One of the most incredible things about watching a good film is being transported to another world, no matter how far it is from home. As you daydream about your future travels, let these beautiful films inspire you. Grab some popcorn because you’ve got a lot of watching to do!
The Best Travel Movies to Inspire Your Next Trip
Released: 1995 – Starring: Ethan Hawke, Julie Delpy
Wowza! An incredibly romantic film, Before Sunrise follows Ethan Hawke and Julie Delpy as they stroll, philosophize, and flirt on cobblestone streets of Vienna before the sun rises. The city and its inhabitants are as much a character as Delpy and Hawke. Without giving anything away, this film is the first in a trilogy starring the duo. Find them in Paris nine years later in Before Sunset, and in gorgeous Messenia, Greece in Before Midnight. This series is a must-see for all you romantic travelers out there.
Released: 2007 – Starring: Owen Wilson, Jason Schwartzman, Adrien Brody
You’ll travel to northern India aboard a cramped train, moving across the beautiful expanse of Rajasthan in Wes Anderson’s family road trip film. Anderson’s cinematic style and love of bright, beautiful things are perfectly suited for the backdrop of gorgeous India. Most memorable are the scenes featuring vast desert landscapes and unforgettable mountains.
Released: 2002 – Starring: Maribel Verdu, Gael Garcia Bernal, Diego Luna
Two best friends hit the road, traveling through Mexico with an older sexy woman. What could go wrong in their search for a beach called Heaven’s Mouth? Director Alfonso Cuarón captures Oaxaca in all its complex beauty.
Released: 2003 – Starring: Bill Murray, Scarlett Johansson, Giovanni Ribisi
Bill Murray and Scarlett Johannson play two lonely Americans getting to know each other in Tokyo. This film by Sofia Coppola seamlessly traverses karaoke bars, the Park Hyatt hotel, and bustling Tokyo streets. Melancholia haunts the film, which proves that even in a city filled with millions of people, you can still feel alone.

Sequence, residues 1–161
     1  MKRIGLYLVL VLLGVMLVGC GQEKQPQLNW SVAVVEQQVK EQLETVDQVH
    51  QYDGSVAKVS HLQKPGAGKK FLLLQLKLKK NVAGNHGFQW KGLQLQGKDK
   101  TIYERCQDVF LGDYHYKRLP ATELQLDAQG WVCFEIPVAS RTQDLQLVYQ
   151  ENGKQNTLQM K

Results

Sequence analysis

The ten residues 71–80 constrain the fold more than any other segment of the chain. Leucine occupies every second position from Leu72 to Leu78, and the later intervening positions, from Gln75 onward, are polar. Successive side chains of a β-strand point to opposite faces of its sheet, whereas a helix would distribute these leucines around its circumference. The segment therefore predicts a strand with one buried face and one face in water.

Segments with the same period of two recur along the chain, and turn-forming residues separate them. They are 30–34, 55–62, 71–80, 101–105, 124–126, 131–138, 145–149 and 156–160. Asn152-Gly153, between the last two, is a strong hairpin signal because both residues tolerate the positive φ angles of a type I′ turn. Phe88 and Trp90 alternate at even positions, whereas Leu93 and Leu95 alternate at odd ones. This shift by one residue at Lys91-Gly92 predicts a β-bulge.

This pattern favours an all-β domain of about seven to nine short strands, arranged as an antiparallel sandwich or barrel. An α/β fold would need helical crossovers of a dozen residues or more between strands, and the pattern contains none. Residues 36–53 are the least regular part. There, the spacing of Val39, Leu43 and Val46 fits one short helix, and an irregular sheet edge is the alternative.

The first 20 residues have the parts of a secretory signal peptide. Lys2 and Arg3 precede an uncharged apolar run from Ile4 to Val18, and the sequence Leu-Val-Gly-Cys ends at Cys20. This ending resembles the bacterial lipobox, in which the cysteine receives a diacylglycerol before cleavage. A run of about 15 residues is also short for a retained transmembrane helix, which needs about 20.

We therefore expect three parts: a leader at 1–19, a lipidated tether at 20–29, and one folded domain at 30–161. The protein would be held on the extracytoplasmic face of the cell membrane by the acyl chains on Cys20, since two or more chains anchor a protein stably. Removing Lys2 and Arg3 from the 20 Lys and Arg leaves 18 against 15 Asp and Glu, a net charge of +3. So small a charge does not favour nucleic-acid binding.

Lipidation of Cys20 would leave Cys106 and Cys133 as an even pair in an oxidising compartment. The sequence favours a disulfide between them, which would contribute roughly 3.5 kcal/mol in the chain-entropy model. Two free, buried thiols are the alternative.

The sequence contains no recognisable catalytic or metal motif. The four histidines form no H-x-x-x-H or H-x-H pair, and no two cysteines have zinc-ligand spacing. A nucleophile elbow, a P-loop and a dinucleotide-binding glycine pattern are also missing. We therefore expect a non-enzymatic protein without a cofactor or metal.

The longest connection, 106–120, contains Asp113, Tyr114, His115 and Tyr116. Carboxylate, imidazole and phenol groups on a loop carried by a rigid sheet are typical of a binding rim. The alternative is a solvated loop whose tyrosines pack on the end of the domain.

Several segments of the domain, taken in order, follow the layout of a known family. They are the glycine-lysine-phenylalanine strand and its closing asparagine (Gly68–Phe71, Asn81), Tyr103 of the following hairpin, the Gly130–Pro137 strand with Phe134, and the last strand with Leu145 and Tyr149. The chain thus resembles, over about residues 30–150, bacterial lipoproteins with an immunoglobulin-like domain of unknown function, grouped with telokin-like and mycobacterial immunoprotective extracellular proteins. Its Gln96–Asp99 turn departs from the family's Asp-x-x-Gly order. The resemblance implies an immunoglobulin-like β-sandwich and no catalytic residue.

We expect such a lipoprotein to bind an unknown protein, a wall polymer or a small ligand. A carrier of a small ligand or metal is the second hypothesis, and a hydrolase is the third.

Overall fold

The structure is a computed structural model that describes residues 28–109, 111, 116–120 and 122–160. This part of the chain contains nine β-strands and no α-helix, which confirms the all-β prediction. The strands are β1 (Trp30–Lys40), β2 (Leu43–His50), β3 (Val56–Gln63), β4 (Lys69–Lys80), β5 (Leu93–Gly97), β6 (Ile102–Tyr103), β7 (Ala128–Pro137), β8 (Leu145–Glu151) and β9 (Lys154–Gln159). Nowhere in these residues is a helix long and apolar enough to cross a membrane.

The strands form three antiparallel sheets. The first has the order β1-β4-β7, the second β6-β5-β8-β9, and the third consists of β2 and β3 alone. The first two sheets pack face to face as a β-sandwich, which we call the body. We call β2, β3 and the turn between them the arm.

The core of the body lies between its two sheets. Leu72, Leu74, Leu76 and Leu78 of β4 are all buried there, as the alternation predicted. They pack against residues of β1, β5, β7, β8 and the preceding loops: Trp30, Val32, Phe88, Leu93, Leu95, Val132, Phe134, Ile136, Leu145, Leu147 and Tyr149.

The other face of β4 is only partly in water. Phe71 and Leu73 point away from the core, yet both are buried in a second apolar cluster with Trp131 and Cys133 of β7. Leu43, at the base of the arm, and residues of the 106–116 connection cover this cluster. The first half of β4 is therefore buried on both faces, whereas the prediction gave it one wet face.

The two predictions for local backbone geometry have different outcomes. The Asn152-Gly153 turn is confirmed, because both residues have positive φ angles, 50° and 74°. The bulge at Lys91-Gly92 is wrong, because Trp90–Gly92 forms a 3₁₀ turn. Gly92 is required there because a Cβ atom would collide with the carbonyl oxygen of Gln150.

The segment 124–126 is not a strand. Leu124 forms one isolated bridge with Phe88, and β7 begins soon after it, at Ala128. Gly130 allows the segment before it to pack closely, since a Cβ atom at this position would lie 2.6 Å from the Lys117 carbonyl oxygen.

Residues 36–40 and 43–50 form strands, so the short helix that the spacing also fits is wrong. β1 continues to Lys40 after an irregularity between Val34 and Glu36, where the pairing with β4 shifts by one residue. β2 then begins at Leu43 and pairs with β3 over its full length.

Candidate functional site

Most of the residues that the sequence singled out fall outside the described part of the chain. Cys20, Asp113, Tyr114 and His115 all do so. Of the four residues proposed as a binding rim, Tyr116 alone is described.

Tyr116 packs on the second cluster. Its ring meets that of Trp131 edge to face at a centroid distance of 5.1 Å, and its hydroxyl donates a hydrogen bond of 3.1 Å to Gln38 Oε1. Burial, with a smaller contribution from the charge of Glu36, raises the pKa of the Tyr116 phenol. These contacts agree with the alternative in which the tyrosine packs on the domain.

Released: 1966 – Starring: George Greenough, Nat Young, Butch Van Artsdalen
In 1966, Bruce Brown followed his friends on a surfing trip around the world, documenting Robert August and Mike Hynson as they catch waves and make friends. Due to Brown’s beautiful cinematography in places like Hawaii, South Africa, and New Zealand, this documentary had a profound impact on the growth of tourism and surf culture. Watch in awe as August and Hynson crest seemingly insurmountable waves with ease.
Released: 1994 – Starring: Terence Stamp, Hugo Weaving, Guy Pearce
Traveling to Alice Springs, Australia, two drag performers and a transwoman hit the road in a school bus named Priscilla. Full of shenanigans, revelations, and lip-syncing Gloria Gaynor’s “I Will Survive,” The Adventures of Priscilla, Queen of the Desert was a surprising box office hit in the 90s and quickly became a cult classic in Australia and around the world.
Released: 1999 – Starring: Matt Damon, Gwyneth Paltrow, Jude Law
The Talented Mr. Ripley follows the travels of a sociopath, played by Matt Damon, on his quest to persuade a wealthy young man, played by Jude Law, to return home. Based in the 1950s, the lives of the beautiful, young, and wealthy quickly come undone as Damon spirals further into lies and delusion. This psychological thriller will keep you hooked with its magnificent performances and beautiful presentation of Italy.
Released: 2001 – Starring: Audrey Tautou, Mathieu Kassovitz, Jamel Debbouze
Jean-Pierre Jeunet's modern fairy tale became an instant hit in the early 2000s due to its colorful cinematography and eccentric heroine played by Audrey Tautou. This film makes Paris come alive, unlike any other film. It doesn’t hurt that the quirky love story at the center of the film is so dreamy, you’ll be booking your ticket to Charles De Gaulle in no time.
Released: 2004 – Starring: Paul Giamatti, Sandra Oh, Thomas Haden Church
This novel turned film about two depressed and unsuccessful friends on a week-long trip to wine country to celebrate one’s upcoming wedding is so hilarious and depressing, it hurts. But in a good way. Moving through the gorgeous tasting rooms and vineyards of Santa Barbara is a respite from the darker moments of the film. By the end, you can’t help but acknowledge your own complicated humanity while also wishing you had another bottle of wine.
Related: 7 Wine Country & Picnic Essentials
Women's Mexico Outfit
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